Picture this scenario: with nearly no buffer from the previous semester, you go home filled with anticipation for a breather to celebrate the once-a-year yuletide festivities, only for that joy to be abruptly cut short as you find your feet stepping on campus after barely two weeks.
This is the reality for many Angelites, whose second semester had been marked by the banes of financial demands brought by the early onset of the second semester and a holiday vacation limited by an inconsiderate, and, in its fullest sense, anti-student academic calendar.
The first bane: Early start of a new semester
To contextualize, the first semester for the school year 2023-2024 concluded on November 18, 2023. This schedule was immediately stirred up to be a major problem with Holy Angel University (HAU) announcing that the succeeding semester would start on December 12.
Likewise, enrollment, which demanded a lump sum of around 14,000 pesos from students, aside from the unsettled accounts from the previous semester, played early, causing financial strains as they and their families scrambled for means to settle the fees to continue their education.
This policy, as implemented, saw the university record a 292 attrition from its continuing students. The said figure is a testament to the fact that the early onset of the second semester is more than just a personal struggle—rather, it is an injustice.
Instead of providing accessible education, this kind of neoliberal policy forces student after student, families after families, to walk in a financial tightrope that makes education a burden rather than a privilege for them to have a benefit from.
The second bane: A breather sacrificed
Problems pertaining to the academic calendar for the second semester did not end with its commencement. Much more during the scheduled holiday breather, students were forced to maximize their personal and family time in a less than two-week break.
With the Christmas vacation beginning on December 21, 2023, and ending on January 2 of the following year, it was indeed a short break for Angelites. What is more disappointing is that during the said period, many students were also expected to fulfill requirements—something that is contradictory to what should have been their “break” from academics.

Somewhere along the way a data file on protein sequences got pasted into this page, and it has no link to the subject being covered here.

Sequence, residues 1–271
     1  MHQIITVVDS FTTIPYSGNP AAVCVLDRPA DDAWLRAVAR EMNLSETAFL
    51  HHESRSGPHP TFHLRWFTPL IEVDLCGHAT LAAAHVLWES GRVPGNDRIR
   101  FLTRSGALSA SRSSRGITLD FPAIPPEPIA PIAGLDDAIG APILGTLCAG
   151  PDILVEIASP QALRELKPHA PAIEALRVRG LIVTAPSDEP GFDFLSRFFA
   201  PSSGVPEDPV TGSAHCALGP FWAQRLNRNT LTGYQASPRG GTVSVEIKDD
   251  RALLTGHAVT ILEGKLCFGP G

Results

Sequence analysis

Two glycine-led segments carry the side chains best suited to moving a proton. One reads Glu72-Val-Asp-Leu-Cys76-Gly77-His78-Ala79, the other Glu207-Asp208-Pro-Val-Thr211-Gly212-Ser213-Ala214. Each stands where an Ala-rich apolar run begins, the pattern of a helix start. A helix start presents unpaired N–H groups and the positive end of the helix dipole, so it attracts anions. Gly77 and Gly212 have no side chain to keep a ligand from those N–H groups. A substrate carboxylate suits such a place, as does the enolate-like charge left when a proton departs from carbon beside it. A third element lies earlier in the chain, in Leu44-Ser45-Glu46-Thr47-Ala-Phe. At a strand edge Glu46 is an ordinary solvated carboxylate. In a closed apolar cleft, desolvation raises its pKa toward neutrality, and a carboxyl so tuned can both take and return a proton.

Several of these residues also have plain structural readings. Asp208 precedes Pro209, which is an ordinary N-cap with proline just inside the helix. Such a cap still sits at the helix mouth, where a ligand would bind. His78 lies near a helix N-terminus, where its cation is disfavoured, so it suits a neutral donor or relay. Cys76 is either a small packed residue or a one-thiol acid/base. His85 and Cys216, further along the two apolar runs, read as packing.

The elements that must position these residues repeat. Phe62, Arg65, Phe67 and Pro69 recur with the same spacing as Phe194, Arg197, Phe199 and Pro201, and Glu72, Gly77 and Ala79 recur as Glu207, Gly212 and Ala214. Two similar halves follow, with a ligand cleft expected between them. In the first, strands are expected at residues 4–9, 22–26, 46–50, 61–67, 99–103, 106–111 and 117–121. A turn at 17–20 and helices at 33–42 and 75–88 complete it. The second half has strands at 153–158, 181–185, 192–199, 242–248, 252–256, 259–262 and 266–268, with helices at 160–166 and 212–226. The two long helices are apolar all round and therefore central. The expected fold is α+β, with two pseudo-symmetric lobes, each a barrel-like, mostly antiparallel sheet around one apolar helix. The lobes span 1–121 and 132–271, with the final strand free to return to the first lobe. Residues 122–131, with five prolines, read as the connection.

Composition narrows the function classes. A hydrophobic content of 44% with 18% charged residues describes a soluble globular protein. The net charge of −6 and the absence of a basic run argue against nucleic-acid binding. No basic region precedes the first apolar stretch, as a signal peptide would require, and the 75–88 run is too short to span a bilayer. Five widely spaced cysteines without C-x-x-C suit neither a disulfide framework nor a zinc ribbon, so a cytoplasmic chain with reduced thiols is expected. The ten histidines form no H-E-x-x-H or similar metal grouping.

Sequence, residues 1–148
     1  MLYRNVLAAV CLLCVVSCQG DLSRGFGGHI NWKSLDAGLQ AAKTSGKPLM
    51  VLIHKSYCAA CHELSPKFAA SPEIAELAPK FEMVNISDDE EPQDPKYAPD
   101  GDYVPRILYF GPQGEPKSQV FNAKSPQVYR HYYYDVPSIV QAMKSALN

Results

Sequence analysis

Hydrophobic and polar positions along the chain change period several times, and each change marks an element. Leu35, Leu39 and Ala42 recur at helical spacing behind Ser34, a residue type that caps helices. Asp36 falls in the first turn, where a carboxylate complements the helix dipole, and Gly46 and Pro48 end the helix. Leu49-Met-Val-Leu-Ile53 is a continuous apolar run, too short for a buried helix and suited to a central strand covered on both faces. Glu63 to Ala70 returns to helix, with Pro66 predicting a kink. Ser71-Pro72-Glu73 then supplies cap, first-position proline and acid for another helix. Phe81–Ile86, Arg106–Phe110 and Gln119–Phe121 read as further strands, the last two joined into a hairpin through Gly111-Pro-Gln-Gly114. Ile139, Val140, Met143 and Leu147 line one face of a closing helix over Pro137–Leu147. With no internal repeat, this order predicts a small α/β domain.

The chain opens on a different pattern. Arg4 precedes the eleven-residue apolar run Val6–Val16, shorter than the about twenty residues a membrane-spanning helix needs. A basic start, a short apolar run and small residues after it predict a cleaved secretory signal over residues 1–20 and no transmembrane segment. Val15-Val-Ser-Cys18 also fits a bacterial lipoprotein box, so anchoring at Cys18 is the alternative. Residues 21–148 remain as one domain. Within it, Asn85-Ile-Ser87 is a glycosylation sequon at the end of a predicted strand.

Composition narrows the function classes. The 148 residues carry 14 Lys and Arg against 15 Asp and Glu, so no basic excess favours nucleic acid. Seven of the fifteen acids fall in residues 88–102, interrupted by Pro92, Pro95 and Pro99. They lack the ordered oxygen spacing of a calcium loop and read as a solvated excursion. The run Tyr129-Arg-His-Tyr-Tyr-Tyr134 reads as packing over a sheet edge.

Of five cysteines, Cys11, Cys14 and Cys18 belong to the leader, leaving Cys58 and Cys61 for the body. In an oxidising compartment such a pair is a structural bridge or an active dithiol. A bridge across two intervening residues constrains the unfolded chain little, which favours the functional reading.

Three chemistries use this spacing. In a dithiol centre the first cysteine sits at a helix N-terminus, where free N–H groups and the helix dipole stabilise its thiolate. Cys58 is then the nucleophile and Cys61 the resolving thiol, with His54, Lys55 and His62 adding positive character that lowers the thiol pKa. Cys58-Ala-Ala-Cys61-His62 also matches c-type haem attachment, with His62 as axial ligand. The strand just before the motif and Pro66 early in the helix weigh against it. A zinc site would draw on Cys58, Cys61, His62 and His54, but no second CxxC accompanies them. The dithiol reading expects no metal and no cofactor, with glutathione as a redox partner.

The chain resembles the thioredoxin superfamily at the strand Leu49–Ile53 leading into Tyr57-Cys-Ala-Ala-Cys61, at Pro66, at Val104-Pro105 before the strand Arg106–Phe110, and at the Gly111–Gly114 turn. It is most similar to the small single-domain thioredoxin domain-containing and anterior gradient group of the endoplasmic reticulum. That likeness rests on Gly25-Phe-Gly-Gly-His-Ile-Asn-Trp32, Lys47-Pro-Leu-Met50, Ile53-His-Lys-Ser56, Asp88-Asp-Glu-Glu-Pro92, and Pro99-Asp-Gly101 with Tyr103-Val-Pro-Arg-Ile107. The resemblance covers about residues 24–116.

Breathless, even the days leading up to the preliminary examinations on January 24 to 27, which, in the past, were used as opportunity for students to rest and review, were instead allotted as additional days of learning and assessment. Work after work, demands after demands, were imposed on students just to keep up with an early-looming examination.
Several studies suggest that vacations are helpful for students to improve their wellbeing by reducing stress and revitalizing productivity.
Such being said, HAU’s short holiday vacation which sadly had also been occupied by academic demands, and its removal of buffer days towards the examinations, put students in the unfavorable position of immense exhaustion thereafter.
HAU’s academic calendar for the second semester is a continuing proof that the institution that pledged to provide “student first” policies is instead a self-serving and unheeding showman that puts forth its capitalist agenda rather than the needs of its most important stakeholders—its students.
Now, picture this another scenario: you get enough time to recover financially before another semester starts, you get to revel in the beauty of the yuletide season, and, more importantly, get to freely rest.
As idealistic as it may seem, this other picture should not have been a fantasy.
Instead of treating Angelites as profit pawns or even cogs in a machine that do not require a buffer or breather, HAU should see its students as its sparking
responsibility—students whose voices are to be heard and ideas are to be valued.
Calls from the studentry have been made, clamors are constantly raised, and it is long overdue that the university heeds to them.
HAU should amplify the needs of its students and provide policies that will no longer give them banes from the profit-oriented and fast-paced view of the institution, but rather gains from it being a source of a competent and compassionate educational system that genuinely puts forth Angelites above all else.
Opinion by Godwin Pring
Photo from Michelle Shane Apostol
Layout by Winston Adam Lejarde